The Delusions of a Colonialist

Prime Minister Benjamin Netanyahu with President of Guatemala Jimmy Morales Cabrera at the King David Hotel in Jerusalem, May 17, 2018.
Amos Ben Gershom / GPO

After many years of concealment, last week, in a few short sentences Prime Minister Benjamin Netanyahu revealed the core of his ideology, which is shared by many in the dominant ideological stream in Israel. At the opening of a cabinet meeting, the outgoing prime minister said that he had begun to read Barbara Tuchman’s “The Proud Tower: A Portrait of the World Before the War, 1890-1914.”

“Queen Victoria’s 60th year, a great parade in London. England ruled one quarter of the world. ... Everything crumbled a few decades later. There are many reasons, but one reason is clear, and their great security collapse stemmed from them not arming themselves against their enemies. They relied on the successes of the past, and from the position of the greatest empire in the world, they declined and declined and, of course, were hit very hard.”

Later Netanyahu reaches the inevitable conclusion: “We know that the force that has served us up until now must continue to strengthen in the face of all these phenomena.”

Netanyahu’s message is that that there is no message. This is not the time to discuss Netanyahu’s aggressive approach, but it’s very interesting to hear that a leader who is a member of the second generation of the founders of the state compares Israel to a colonialist power, rather than to those who fought colonialism. Apparently, had Netanyahu been alive and in a position of influence in the days following World War II – on the British colonialist side of course – we would still be getting parking tickets from Her Majesty’s policemen. Really, it’s sad that the empire declined, and that its leaders didn’t continue to arm themselves against their enemies - namely the inhabitants of one quarter of the earth.

And while certain historians here explain to us morning, noon and night that the Yishuv – the pre-State Jewish community in Palestine – fought against the British, now comes the prime minister and mourns the empire that his predecessors claimed to have fought against. That may be the reason for Netanyahu’s admiration of Winston Churchill: He admires him because he sees him as the last emperor. And if we continue and compare today’s Israeli empire, which oppresses the Palestinian people, with the empire that ruled a quarter of the world, oppressed many nations and robbed their treasures, there’s no doubt in my mind that we will all be better off when the Israeli empire shrinks to the dimensions of a normal country, just as happened to England.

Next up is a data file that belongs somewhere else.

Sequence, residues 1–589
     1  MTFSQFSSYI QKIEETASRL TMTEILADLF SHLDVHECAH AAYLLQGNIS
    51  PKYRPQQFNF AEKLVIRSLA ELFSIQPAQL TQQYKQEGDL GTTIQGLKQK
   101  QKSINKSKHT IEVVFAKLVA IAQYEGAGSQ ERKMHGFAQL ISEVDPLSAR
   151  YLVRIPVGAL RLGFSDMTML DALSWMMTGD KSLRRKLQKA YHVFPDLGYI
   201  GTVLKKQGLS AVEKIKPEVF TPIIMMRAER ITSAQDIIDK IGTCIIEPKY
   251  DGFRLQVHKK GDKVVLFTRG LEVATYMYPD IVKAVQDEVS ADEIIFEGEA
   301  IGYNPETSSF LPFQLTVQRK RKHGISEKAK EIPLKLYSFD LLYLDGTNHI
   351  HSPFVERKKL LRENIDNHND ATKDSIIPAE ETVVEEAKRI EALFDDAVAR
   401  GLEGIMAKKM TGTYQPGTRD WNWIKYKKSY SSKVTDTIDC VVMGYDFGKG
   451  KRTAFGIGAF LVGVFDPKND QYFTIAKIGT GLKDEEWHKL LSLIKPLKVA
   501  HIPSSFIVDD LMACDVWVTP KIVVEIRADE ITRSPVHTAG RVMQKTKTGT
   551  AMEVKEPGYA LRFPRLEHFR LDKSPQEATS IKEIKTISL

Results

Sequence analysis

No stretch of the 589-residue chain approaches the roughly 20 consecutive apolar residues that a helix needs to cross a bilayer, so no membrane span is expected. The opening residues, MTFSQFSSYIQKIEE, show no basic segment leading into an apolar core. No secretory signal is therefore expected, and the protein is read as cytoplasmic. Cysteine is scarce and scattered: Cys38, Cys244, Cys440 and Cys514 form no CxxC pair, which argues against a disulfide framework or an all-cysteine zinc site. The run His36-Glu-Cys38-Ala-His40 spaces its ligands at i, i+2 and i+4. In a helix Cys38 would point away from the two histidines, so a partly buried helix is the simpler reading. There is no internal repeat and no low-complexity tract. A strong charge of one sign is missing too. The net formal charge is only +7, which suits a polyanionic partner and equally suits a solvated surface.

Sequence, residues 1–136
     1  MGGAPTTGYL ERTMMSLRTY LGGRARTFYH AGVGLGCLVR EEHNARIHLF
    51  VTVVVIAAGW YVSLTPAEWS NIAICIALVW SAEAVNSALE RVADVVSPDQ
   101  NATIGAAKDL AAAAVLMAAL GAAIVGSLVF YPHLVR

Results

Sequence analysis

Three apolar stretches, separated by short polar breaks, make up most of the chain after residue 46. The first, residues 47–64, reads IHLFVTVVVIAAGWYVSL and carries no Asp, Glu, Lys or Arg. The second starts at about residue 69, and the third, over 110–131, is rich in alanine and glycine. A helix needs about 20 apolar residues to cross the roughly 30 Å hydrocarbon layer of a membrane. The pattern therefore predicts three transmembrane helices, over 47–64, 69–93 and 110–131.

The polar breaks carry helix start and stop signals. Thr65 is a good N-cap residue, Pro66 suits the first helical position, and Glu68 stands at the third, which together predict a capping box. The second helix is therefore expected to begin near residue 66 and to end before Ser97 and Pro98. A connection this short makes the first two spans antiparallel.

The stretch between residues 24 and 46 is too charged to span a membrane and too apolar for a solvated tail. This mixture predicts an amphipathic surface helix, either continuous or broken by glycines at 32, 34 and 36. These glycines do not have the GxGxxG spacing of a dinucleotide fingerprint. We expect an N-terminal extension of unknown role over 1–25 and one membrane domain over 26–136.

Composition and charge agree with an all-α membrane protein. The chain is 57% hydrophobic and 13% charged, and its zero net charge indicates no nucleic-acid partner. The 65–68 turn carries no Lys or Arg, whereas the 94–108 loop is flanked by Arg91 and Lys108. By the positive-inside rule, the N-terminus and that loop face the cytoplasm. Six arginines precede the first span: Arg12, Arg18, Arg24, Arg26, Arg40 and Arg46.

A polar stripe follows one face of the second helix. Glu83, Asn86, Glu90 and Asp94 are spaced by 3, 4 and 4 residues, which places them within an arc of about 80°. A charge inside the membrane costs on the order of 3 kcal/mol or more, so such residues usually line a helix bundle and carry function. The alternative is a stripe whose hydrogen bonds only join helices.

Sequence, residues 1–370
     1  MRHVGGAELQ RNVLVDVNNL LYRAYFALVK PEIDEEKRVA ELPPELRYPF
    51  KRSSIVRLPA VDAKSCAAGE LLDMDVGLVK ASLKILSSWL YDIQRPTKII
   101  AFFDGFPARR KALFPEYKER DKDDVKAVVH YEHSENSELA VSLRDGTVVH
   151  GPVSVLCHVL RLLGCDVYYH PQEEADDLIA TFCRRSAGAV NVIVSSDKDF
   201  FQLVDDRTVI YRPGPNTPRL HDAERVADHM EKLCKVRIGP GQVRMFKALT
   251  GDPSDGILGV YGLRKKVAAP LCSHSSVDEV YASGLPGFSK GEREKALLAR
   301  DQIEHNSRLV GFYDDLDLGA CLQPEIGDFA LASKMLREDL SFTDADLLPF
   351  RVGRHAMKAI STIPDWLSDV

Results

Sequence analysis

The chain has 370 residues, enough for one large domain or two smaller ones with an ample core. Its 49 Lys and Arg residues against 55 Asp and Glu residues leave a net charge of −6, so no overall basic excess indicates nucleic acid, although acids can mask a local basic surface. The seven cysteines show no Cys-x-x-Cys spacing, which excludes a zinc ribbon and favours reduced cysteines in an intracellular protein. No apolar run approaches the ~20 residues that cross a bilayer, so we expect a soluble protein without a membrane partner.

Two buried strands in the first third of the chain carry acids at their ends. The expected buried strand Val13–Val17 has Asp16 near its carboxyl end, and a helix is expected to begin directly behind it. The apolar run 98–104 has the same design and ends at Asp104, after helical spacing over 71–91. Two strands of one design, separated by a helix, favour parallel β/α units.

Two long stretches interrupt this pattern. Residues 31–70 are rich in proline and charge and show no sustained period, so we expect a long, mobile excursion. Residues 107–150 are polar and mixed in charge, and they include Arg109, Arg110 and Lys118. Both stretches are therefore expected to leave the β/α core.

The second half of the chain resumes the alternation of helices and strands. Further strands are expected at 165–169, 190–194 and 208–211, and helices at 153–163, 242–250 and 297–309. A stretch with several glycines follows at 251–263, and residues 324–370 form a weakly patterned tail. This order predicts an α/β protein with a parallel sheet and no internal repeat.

Aside from that, I’m sorry to disappoint Netanyahu, but the waning of British colonialism was not a result of their failure to arm themselves, but because a continuation of the colonial regime was untenable. Both those who groaned under its yoke and the colonialists themselves reached the conclusion that this trend was over.

Now Netanyahu wants to “revive the bones, which are already worn out,” as it says in the Koran. This is the time to explain to the outgoing prime minister that the British are actually pleased about the fact that they got rid of the empire and its burden. Today you will no longer find a young man from Manchester patrolling some poverty-stricken neighborhood in New Delhi, or a young man from Birmingham running around on the hills near Nablus chasing Palestinian kids who are tired of the occupation. They have left this pleasure to the Israelis.

The new colonialists no longer occupy land and don’t send in tanks, and if they do, then they bring them back quickly. Today colonialism has undergone a conversion, to ruling by means of high-tech – via the computer and the cell phone. And why doesn’t Israel adopt this idea? Why not offer the nations of the region advanced technology and cooperative projects? Such a thing cannot be compared to the terrible cruelty of the old colonialism, and there’s also a good chance that everyone would come out ahead. Nu, what’s wrong with a change in profession?

Incidentally, it wouldn’t be the first time. Many years ago Israel offered the world a wonderful product – drip irrigation. Later, what can you do, militarism destroyed this welcome message too. Recently we heard that the Spanish police used Israeli-made water hoses to disperse demonstrations, and let’s not forget the export of lethal weapons to anyone who wants them – including criminals.

If drip irrigation is not restored to the heart of Israeli activity, the water hoses will drown us all yet.